The absence of tourists has had a devastating knock-on effect for many businesses. Since the end of lockdown, 3000 commercial activities in Rome have closed down, excluding bars and restaurants, according to Confesercenti. "That means thousands and thousands of families who no longer have an income," says Valter Giammaria, the head of the association's Rome chapter.

"If it goes on like this, we risk a catastrophe by October. We are expecting up to 26,000 shops to close. That is one in three. For the economy of Rome it will be a disaster."

Mozzarella crisis

The collapse in customers is not just because of the lack of foreign tourists; with millions of Italians still working at home, they are not travelling and spending as they normally do.

"We can't do much about the lack of foreign tourists – we won't see them come back en masse until there is a vaccine," says Giammaria.

"But an additional blow has been smart working. People are no longer going out to buy a pair of new shoes or a dress or go to the hairdressers."

The national lockdown and consequent decline in demand for goods and services has hit the whole economy, not just tourism. To take one example – farmers who produce mozzarella from herds of water buffalo in the south of Italy are in crisis. Demand for the creamy white balls of cheese is down by a quarter as a result of restaurants and hotels being closed during lockdown, according to the consortium that represents mozzarella producers. The contraction left farmers with around €35 million worth of unused milk and threatened the jobs of the sector's 30,000 employees.

Demand for Mozzarella is down by a quarter as a result of restaurants and hotels being closed during lockdown.Credit:Shutterstock

Amid the gloom, there are glimmers of hope and tentative signs of a recovery. Some businesses are bouncing back. Industrial output increased by just over 8 per cent in June and there are expected to be more positive signs in the third quarter of the year.

Italy was given a massive boost in July when Brussels agreed on a €750 billion stimulus plan for the EU, 28 per cent of which is due to go to Rome. The €209 billion destined for Italy will not be disbursed until next year, but might just give the country enough breathing space as it anxiously waits for economic recovery to kick in.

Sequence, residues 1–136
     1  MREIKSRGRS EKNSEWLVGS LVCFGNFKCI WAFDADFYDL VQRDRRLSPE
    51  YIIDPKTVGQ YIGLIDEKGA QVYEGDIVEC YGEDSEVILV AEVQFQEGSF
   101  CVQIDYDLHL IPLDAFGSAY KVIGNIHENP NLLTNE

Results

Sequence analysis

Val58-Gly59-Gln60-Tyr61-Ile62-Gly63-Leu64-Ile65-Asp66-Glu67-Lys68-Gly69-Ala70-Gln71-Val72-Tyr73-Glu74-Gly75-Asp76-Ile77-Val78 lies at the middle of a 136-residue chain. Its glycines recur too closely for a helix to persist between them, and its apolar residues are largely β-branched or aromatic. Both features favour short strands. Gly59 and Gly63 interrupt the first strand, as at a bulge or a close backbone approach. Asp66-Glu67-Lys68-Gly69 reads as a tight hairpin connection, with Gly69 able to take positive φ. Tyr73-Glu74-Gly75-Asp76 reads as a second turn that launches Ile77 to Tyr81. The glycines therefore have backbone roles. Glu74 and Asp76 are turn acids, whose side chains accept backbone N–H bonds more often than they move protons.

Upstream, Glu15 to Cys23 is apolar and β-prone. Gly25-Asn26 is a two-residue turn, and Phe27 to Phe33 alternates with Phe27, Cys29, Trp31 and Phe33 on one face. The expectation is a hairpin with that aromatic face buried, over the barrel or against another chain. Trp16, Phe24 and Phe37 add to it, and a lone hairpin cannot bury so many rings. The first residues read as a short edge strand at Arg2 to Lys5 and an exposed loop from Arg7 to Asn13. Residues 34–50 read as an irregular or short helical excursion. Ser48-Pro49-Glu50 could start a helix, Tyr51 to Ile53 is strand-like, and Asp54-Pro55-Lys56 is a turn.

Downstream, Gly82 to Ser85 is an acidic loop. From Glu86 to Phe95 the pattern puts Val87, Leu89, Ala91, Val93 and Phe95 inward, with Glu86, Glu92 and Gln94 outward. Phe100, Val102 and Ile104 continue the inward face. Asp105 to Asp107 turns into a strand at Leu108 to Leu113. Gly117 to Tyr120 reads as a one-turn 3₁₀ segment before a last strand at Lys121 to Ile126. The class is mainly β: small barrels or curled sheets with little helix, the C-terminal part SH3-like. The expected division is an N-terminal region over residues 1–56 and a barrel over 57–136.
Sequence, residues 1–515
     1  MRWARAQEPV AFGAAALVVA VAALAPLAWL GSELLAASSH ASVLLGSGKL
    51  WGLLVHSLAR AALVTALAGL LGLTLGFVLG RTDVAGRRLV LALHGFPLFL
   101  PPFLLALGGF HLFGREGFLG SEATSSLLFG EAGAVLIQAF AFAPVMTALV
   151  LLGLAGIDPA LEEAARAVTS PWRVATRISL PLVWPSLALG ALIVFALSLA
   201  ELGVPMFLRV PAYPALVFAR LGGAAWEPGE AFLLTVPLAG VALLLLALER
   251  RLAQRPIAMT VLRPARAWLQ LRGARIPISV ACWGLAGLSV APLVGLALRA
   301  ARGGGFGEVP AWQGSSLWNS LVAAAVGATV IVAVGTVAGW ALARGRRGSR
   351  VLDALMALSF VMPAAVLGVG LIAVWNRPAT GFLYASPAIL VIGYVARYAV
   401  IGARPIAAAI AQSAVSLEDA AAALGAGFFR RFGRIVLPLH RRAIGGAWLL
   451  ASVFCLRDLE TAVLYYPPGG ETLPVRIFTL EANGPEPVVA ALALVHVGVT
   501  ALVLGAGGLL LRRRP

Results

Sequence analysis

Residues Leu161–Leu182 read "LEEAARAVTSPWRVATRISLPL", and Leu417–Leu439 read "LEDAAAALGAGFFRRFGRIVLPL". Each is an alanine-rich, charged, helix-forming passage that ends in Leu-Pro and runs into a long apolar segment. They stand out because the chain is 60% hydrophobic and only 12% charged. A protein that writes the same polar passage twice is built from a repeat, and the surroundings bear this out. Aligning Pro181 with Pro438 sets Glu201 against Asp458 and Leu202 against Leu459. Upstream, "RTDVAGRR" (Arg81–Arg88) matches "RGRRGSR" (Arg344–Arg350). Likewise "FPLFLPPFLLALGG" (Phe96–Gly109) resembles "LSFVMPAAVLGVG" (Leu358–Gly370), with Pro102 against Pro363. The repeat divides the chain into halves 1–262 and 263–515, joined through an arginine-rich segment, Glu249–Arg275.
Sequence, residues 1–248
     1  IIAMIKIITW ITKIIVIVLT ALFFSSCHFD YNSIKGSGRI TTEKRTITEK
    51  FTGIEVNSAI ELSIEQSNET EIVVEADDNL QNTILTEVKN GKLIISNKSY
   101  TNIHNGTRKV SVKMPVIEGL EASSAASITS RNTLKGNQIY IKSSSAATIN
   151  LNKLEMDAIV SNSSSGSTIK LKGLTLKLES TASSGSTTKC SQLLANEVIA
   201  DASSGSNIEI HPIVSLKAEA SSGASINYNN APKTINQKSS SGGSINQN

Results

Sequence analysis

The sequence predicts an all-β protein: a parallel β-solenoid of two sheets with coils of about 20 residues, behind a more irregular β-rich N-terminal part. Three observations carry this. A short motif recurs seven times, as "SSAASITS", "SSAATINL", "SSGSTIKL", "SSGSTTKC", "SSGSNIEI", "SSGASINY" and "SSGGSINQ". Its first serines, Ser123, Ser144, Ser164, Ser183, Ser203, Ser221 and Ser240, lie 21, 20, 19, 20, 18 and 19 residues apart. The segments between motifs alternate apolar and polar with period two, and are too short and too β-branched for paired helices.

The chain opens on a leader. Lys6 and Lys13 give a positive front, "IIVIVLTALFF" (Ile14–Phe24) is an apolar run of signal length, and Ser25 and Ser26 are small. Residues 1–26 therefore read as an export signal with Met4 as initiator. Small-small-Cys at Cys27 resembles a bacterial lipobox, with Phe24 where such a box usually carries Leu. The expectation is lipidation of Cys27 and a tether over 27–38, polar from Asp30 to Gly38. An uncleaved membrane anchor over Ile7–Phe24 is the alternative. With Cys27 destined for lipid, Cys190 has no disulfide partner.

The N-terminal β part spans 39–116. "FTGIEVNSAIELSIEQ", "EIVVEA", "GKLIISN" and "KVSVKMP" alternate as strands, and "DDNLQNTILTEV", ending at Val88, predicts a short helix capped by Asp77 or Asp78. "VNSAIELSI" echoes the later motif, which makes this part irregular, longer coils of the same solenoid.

"We should see signs of recovery in the third quarter," says Santi from Eurasia Group. "The most recent data were relatively encouraging in terms of retail sales and industrial output, although they were still low compared with pre-crisis levels.

"I would say there are optimistic signs. Business activity has picked up since the lifting of the lockdown."

Tourism is starting to rebuild. Millions of Italians flocked to beaches and mountain resorts this month and the first post-crisis cruise in the Mediterranean departed when the MSC Grandiosa left Genoa on a week-long tour of ports in Italy and Malta.

"The tourists are returning," says Andrea Rotondo, the president of the Rome branch of business body Confartigianato. They are a "breath of oxygen" for the city's hotel and restaurant owners, he adds.

But a halting recovery could be wiped out again if there is a brutal second wave of COVID-19.

Already, the signs are worrying – in mid-August, daily cases topped more than 600 for the first time since May. They have since doubled to more than 1200 on Sunday. On Saturday, there was a similarly alarming number – 1071 cases. The total number of deaths from coronavirus in Italy is over 35,400.

With fears that summer nightlife at the beach is fuelling a return of the virus, the government ordered nightclubs across the country to close.

Ministers and health experts have warned they will not hesitate to impose new lockdowns if there are significant outbreaks of the virus in the autumn and winter, and that would imperil the country's hesitant recovery.

"We still have a manageable situation. But it is precarious and the quantum leap can be very fast," says Agostino Miozzo, an expert who advises the government on the coronavirus emergency. Local lockdowns "may become inevitable if the situation gets out of hand".

The Daily Telegraph, London